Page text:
In this post Andy Milne, Chief Executive of SURF (Scotland’s regeneration network), reminds us of some important issues that need to be brought more centrally into the debate about Scotland’s future.
It is the best of times, it is the worst of times. The possibilities are unprecedented, the reality is dire. One year in advance of the big vote, SURF will host a ‘Regeneration and the Referendum’ debate. As Scotland’s independent regeneration network, SURF is neutral on the constitutional question but I’d like to offer three debatable points towards the more frank and open discussion that we need to have over the next year, in the run up to that historic decision.
1 Failed leadership
Progressive tax and planning systems are good things but, in an extended crisis of confidence in social and economic solidarity, no leader of a major political party has advocated more of either in recent decades. Just as tax is what we pay for civilisation, planning is about agreeing how we can live successfully together, now and in the future. The alternative is the sorting of scarce resources by varied forms of extortion and violence, as exemplified by the 1980s Mad Max movies and in some aspects of recent foreign policy. It was a failure of leadership in regulation and ethics that precipitated economic collapse – not excessive public spending.
2 Beware political consensus
The resulting recession and attendant ‘austerity’ measures, which all of the main party leaders in the UK context now adhere to, is a political project presented as an economic crisis. I am reminded of the Adam Smith quote: “People of the same trade seldom meet together… but the conversation ends in a conspiracy against the public.” More recently, the leading US politician Rahm Emanuel let the cat out of the bag when he said: “You never want a serious crisis to go to waste. And what I mean by that is an opportunity to do things you think you could not do before.” (For the fullest exposition of the implementation of this philosophy, read Naomi Klein’s The Shock Doctrine – the rise of disaster capitalism.)
3 It’s the poverty and inequality, stupid
The UK is the 7th richest nation on the planet – and the 4th most unequal. The allocation of resources is a political process, not an act of God. Poverty and inequality are the main drivers of degeneration. Professors Kate Pickett and Richard Wilkinson’s much referenced book The Spirit Level provides copious detail on how increasing levels of inequality makes life and living together more difficult and dangerous for all of us.1
And yet, the political group think of the reality free elite at the UK level means that the austerity project is set to continue. National and local government are scaling up and selling off vital public services to voracious private conglomerates which do everything they can do not pay tax (see point 1 above). Their profit priority business models relentlessly drive down the UK’s already poor levels of wages and conditions. In doing so, they degenerate the economic and social capacity of people and places.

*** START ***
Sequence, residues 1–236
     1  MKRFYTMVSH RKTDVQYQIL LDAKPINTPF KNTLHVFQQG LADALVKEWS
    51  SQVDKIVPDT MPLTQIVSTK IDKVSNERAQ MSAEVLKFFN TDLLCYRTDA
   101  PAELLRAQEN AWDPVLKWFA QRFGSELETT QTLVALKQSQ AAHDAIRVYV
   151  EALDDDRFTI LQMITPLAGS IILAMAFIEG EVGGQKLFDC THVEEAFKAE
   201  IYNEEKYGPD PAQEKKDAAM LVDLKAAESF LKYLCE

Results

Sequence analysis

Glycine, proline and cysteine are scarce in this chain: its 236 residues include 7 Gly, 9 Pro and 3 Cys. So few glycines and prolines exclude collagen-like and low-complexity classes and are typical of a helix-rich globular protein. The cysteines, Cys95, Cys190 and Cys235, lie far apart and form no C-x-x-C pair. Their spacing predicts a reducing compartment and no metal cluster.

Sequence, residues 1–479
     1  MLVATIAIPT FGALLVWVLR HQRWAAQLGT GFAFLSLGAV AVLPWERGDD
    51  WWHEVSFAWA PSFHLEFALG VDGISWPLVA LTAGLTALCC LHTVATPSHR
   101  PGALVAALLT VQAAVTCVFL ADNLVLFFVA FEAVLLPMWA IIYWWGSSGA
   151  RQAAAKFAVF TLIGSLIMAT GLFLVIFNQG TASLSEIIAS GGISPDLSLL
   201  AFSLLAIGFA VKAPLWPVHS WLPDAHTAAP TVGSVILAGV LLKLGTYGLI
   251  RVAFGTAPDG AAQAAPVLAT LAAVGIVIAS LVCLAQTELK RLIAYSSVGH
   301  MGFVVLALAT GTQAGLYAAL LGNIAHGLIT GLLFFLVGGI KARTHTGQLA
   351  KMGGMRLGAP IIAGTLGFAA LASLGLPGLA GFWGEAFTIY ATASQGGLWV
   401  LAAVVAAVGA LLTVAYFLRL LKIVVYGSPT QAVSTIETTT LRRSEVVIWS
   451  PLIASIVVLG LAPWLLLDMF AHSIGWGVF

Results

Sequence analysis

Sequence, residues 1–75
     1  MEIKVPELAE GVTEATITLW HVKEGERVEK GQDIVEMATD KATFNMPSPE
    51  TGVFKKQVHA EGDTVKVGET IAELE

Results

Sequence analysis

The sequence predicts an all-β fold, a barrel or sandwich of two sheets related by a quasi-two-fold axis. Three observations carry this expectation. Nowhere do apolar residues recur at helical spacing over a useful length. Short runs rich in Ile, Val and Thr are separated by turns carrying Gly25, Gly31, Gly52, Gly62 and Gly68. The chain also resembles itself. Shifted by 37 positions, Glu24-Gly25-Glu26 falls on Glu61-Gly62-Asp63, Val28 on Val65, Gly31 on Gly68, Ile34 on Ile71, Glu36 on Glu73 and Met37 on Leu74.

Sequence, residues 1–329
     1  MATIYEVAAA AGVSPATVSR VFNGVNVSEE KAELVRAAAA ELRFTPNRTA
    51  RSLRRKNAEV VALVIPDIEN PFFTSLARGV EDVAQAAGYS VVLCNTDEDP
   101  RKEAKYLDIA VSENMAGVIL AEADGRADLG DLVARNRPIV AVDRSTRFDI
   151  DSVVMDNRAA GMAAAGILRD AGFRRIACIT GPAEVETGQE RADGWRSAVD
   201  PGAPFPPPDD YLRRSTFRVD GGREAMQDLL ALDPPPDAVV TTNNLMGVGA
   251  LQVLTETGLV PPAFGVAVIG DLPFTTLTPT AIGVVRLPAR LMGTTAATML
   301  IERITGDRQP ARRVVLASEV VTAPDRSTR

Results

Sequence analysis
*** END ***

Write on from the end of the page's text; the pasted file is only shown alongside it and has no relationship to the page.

A practical proposal
In this continuing recessionary context, the Scottish Government is advocating more ‘community led’ and ‘asset based’ regeneration. This is presented as a means of releasing additional resources to help meet rising needs. Certainly, there are substantial information, asset and enterprise resources within communities. These are the same ones that were wilfully undervalued and ignored in the decades of unregulated greed that precipitated the banking crisis and the subsequent recession.
SURF’s recent ‘Reality, Resources, Resilience’ study of how already disadvantaged communities are being affected by the recession, and how they and their regeneration partners are responding, highlighted some creative collaborations built on identifying, celebrating and developing authentic identity, skills and interests.3 At the local level, creative processes are enabling broad-based participation and imaginative exploration of alternatives to the trickle-down model of regeneration that failed the most disadvantaged communities, even in the years of apparent abundance for everyone else.
This is encouraging– but a question of scale and timing remains. Under its present powers, the Scottish Government could make a bigger difference in a shorter timescale. Instead of its apparent default procurement policy position of massively ‘scaling up’ for short term cost efficiencies, it could more intelligently deploy its £9bn annual procurement budget and its £17bn five year Infrastructure Investment Plan in support of local jobs, businesses and communities. That would represent a positive and practical approach to addressing the poverty and inequality that undermines all of our collective efforts in this rich country – whatever the outcome of the referendum.
Notes and References
1 Prof Pickett summarised the main arguments in the ‘Spirit Level’ at her 2009 SURF Annual Lecture in Edinburgh. A transcript publication can be downloaded from the SURF website: http://www.scotregen.co.uk/knowledge-centre/event-reports/
2 Video presentations and other materials from SURF’s 2013 infrastructure conference with Nicola Sturgeon MSP & Prof Greg Lloyd are available at: http://www.scotregen.co.uk/truths-and-myths-infrastructure-and-social-benefits/
3 The final report of SURF’s ‘Reality, Resources, Resilience’ investigative programme was published by the Joseph Rowntree Foundation in January 2013: http://www.jrf.org.uk/publications/reality-resources-resilience